Gareth Southgate knows the negativity around him is “not healthy” for the team and urged England fans to vent any frustration at him rather than the players ahead of Monday’s World Cup send-off against Germany.
England’s five-game winless run is their longest since 2014 and Friday’s meek 1-0 loss at absentee-hit Italy saw them relegated from the Nations League’s top tier with a game to spare.
Monday’s clash with Germany is a dead rubber as a result, but it remains key for England in terms of improving the mood and rebuilding confidence in their final match before the World Cup.
There is an air of negativity around the team with just 57 days to go until the Group B opener against Iran and Southgate says supporters need to get behind the players, whatever their feelings are about him.
The England boss was subjected to chants of “you’re getting sacked in the morning” during June’s 4-0 loss to Hungary in their last home match and then booed by some travelling fans in Milan.
“We’ve got 90,000 people, the stadium’s sold out,” Southgate said ahead of Monday’s Group A3 encounter. “People want to come and see this team play.
“That’s because the players have done an unbelievable job for six years.
“We were on the back of a really difficult time, in terms of relationship with the fans, at the start of that journey.
“Slowly we’ve built the (tournament) finishes that have been discussed already in this room.
“Of course it’s not healthy for the team to be having this noise around them. I fully understand that.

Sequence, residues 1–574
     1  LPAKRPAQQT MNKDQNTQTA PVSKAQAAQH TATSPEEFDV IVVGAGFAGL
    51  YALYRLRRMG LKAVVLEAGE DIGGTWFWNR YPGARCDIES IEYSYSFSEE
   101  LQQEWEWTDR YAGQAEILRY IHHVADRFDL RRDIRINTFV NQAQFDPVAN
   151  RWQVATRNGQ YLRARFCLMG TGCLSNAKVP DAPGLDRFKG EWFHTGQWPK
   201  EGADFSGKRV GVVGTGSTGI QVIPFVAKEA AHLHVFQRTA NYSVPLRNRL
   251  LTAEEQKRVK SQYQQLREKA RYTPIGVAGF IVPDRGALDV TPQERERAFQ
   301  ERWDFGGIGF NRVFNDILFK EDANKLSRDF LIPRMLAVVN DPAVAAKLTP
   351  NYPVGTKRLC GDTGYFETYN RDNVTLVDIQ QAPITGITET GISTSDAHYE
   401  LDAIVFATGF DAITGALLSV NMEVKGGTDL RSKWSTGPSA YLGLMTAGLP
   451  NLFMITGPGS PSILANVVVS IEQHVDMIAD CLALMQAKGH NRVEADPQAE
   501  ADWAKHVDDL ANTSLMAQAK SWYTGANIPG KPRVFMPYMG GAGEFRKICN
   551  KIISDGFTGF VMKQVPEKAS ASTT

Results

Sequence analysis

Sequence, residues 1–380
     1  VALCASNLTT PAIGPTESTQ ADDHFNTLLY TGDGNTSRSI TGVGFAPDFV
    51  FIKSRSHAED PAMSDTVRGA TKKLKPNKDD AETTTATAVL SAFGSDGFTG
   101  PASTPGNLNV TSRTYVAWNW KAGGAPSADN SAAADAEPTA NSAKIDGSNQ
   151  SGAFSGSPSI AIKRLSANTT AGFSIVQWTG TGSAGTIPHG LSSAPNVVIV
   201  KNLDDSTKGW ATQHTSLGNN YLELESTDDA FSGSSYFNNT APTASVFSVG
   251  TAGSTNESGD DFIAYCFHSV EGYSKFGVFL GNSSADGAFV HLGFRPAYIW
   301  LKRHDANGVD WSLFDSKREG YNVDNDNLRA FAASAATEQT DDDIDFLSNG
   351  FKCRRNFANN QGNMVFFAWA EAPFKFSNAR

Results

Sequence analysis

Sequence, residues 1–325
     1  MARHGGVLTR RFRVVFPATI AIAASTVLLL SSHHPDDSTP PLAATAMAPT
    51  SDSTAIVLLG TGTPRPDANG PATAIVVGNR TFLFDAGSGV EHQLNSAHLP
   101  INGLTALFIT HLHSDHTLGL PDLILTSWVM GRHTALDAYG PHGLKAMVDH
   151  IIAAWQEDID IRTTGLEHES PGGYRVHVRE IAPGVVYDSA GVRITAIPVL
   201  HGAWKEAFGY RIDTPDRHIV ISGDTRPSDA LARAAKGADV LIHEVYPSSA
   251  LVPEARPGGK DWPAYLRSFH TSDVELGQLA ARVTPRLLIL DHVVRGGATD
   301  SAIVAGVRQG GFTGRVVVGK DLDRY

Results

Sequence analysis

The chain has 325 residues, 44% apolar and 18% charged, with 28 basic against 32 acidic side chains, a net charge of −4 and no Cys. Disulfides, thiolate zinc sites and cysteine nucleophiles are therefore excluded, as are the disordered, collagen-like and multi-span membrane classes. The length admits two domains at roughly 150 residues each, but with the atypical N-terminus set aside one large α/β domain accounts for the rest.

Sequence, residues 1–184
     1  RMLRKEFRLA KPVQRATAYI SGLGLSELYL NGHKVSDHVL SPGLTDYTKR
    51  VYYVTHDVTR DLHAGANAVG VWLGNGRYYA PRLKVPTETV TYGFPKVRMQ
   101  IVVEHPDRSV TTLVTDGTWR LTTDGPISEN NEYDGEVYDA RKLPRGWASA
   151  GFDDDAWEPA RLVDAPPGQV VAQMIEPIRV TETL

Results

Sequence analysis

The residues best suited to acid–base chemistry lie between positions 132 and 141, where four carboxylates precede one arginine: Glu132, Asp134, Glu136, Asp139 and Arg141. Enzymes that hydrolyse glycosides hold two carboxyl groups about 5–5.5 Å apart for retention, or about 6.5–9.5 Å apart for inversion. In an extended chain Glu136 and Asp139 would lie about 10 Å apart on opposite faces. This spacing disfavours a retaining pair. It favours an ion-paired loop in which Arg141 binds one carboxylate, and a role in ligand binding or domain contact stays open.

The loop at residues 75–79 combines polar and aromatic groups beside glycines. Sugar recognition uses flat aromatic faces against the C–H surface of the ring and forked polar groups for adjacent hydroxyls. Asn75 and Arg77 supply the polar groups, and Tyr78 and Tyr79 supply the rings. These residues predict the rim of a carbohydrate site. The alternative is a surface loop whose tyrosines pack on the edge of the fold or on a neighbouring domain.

“But it’s for me to take responsibility, it’s for me to allow them to go and play. I want them to feel the freedom.
“I think they know that we always talk about that within the training ground and on the training pitch.
“I would urge the supporters to get behind the team. How they deal with me at the end or whenever, on the phone-ins or whatever else, is completely different.
“But this is their last chance to see the boys before they go to the World Cup and we’re all in it together.
“We can only succeed if we’re all pushing in the same direction and we’ve all got that positive energy towards doing well.
“What happens to me is irrelevant, frankly. It’s about the team. The most important thing is the team and the success of the team.”
It feels like there is a lot riding on Monday’s match for last year’s European Championship runners-up, who appear to have lost their way and be struggling for coherency at just the wrong time.
Southgate remains convinced he is the right person to lead England into the World Cup and confident that the team will click in Qatar but he is “not hiding” from criticism and has long been braced for it.
“Look, I am fortunate that I am now, sadly, in my fifties,” the 57-cap former defender said. “I have been in football 30 years.
“In one guise or other, I’ve been to 12 tournaments. Whether that’s working with these chaps or scouting.
“This will be my seventh as a player or a coach, so I have seen pretty much everything.
“I have seen the cycle of war with the media. I have seen the absolute love-in.
“We are somewhere in the middle of that – or maybe not quite in the middle! That is fascinating to observe from my side.
“And it’s a life experience that I knew at some stage would probably come with this job, so I have to accept that.
“I didn’t ever get too carried away with what happened before and I am not too down about what is happening now.
“I want to put it right, of course. I want the team to win, I want the team to play well and I want the fans to be happy. That’s why I took the job.
“I wanted to make a difference with English football, so that will never change and I’ll keep working every hour I have to try and improve what we are doing.”